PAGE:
Report shows investing in families is key to ending child poverty
EDMONTON – The Alberta College of Social Workers, Edmonton Social Planning Council, and Public Interest Alberta have jointly released a report on the state of child and family poverty in Alberta called ” Invest in Families: Ending Child Poverty is Good for All .”
Click to download: Invest In Families: Ending Child Poverty Is Good For All
Click to download: Invest In Families: Ending Child Poverty, Is Good For All (One Page Summary)
In Alberta, 1 in 6 children live below the poverty line. The report focuses on the impacts of poverty on the development of children, and its wide-ranging detrimental effects, including issues affecting mental health, educational attainment, employment, and housing throughout their lives up to adulthood.
The report demonstrates that investment into Alberta’s families, including child benefits, nutrition programs, affordable housing, and subsidized, quality child care, are the key to ending the cycles of poverty that end up blocking children from living lives of dignity where they’re able to thrive.
“Child care for a family is one of the biggest household expenses, which can be as high as 67% of their monthly income,” Sandra Ngo, the Research Coordinator at the Edmonton Social Planning Council said, “This makes it extremely difficult for a family to afford nutritious food, housing, education, and other essentials. Creating a universal and affordable, quality child care program would be a game changer for children and their parents.”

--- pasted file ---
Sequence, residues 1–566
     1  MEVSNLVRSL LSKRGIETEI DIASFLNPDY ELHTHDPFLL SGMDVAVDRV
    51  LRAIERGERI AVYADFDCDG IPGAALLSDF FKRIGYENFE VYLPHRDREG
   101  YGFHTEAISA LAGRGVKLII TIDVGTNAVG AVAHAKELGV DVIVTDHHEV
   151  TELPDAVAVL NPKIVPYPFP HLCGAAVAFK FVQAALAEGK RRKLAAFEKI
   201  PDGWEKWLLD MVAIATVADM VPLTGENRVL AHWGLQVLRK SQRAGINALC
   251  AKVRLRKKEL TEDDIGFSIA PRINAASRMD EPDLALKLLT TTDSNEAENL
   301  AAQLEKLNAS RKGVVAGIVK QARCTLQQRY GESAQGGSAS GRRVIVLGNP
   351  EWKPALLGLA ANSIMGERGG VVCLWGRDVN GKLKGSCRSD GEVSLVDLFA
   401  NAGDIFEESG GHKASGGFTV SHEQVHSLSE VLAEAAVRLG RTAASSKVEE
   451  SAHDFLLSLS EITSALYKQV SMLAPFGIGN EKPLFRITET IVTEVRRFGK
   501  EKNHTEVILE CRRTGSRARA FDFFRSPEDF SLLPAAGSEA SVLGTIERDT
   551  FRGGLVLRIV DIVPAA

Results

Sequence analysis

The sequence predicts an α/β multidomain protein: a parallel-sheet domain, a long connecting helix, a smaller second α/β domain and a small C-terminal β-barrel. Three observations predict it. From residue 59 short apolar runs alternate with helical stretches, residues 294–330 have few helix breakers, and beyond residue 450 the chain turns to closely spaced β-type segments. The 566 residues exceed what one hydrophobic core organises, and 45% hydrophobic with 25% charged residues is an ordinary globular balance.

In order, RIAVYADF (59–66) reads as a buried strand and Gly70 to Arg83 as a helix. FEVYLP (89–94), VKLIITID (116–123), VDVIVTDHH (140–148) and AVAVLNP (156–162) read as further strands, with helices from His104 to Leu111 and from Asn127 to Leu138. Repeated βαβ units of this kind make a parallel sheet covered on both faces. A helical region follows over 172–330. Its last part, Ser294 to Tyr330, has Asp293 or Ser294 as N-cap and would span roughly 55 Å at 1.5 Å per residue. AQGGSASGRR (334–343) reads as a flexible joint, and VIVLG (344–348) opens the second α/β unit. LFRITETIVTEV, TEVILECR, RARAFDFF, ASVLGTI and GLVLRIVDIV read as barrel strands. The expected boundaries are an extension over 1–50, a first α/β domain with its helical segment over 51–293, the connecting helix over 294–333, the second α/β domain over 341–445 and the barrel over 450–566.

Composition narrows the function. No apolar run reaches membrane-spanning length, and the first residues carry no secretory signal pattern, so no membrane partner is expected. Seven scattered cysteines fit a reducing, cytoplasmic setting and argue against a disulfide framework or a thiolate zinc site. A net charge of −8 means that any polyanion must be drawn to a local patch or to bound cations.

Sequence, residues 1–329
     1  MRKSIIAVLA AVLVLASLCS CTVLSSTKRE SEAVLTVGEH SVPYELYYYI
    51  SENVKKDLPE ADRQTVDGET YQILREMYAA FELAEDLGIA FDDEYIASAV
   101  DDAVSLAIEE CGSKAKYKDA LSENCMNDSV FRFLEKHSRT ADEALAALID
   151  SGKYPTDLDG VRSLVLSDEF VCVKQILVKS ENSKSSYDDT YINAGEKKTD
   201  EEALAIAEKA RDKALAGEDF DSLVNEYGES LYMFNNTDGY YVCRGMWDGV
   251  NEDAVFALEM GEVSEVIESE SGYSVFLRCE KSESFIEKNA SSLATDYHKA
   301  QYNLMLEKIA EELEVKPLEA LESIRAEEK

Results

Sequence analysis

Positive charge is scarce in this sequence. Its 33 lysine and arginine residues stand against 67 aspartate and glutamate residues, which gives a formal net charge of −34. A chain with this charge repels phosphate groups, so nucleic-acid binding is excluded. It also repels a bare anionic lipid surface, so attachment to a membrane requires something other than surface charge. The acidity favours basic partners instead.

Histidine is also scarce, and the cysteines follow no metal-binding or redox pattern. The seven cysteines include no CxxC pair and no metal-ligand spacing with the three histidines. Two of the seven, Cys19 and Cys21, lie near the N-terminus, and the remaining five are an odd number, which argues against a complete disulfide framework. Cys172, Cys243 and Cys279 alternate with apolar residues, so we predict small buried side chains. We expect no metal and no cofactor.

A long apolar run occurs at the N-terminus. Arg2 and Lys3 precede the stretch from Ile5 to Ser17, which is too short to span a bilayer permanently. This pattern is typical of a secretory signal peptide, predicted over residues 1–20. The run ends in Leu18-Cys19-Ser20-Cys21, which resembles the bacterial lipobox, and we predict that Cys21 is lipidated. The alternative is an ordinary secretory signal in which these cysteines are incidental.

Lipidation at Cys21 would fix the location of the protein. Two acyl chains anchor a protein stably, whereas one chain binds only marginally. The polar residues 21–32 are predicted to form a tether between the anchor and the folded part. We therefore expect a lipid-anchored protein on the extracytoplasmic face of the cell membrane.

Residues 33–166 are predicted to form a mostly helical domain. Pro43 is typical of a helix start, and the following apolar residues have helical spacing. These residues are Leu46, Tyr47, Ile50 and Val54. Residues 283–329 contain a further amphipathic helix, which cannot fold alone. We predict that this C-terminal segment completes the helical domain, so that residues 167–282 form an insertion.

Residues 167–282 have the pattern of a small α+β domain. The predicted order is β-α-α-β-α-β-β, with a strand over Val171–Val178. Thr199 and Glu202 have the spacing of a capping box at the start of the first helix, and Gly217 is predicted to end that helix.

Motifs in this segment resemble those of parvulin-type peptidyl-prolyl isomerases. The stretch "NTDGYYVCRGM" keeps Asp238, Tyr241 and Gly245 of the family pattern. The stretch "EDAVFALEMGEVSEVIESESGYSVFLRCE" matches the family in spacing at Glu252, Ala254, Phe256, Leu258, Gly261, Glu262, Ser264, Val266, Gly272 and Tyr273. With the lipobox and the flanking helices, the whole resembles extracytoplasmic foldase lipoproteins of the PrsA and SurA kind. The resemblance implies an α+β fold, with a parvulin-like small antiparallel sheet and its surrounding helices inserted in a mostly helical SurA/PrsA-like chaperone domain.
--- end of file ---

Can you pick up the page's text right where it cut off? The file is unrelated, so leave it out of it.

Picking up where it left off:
The report clearly demonstrates that ending child poverty is a moral imperative for Alberta. Investing now in Alberta’s families means a better province for everyone.
“The need to address child poverty continues to be a topic for all Albertans to care about,” said Ajay Hartenfeld Pandhi, President of the Alberta College of Social Workers. “Among all the economic discussions underway, let this topic be one that stands out as a priority in our decision making.”
The report comes at a critical time when the provincial government is making sweeping cuts to social programs, and freezing the minimum wage.
“The provincial government is headed in the wrong direction with many of their cuts to social programs and by, for the first time since 2010, freezing the minimum wage,” said Joel French, Executive Director of Public Interest Alberta, “These cuts and freezes directly impact the most vulnerable people and families in the province. We owe it to the children of this province to take immediate action. Investments into social programs and public services including subsidized quality child care, a universal pharmacare program, and indexing of financial supports for those earning low incomes will go a long way to achieving that.”
Brett Lambert, Community Engagement Coordinator, Edmonton Social Planning Council
(780) 423-2031 ext. 351 BrettL@edmontonsocialplanning.ca
Lynn Labrecque King, Executive Direction and Registrar, Alberta College of Social Workers
(780) 421-1167 ext. 226 firstname.lastname@example.org
Laura Kruse, Communications Officer, Public Interest Alberta
587-568-2792 (cell) 780-420-0471 (office) email@example.com
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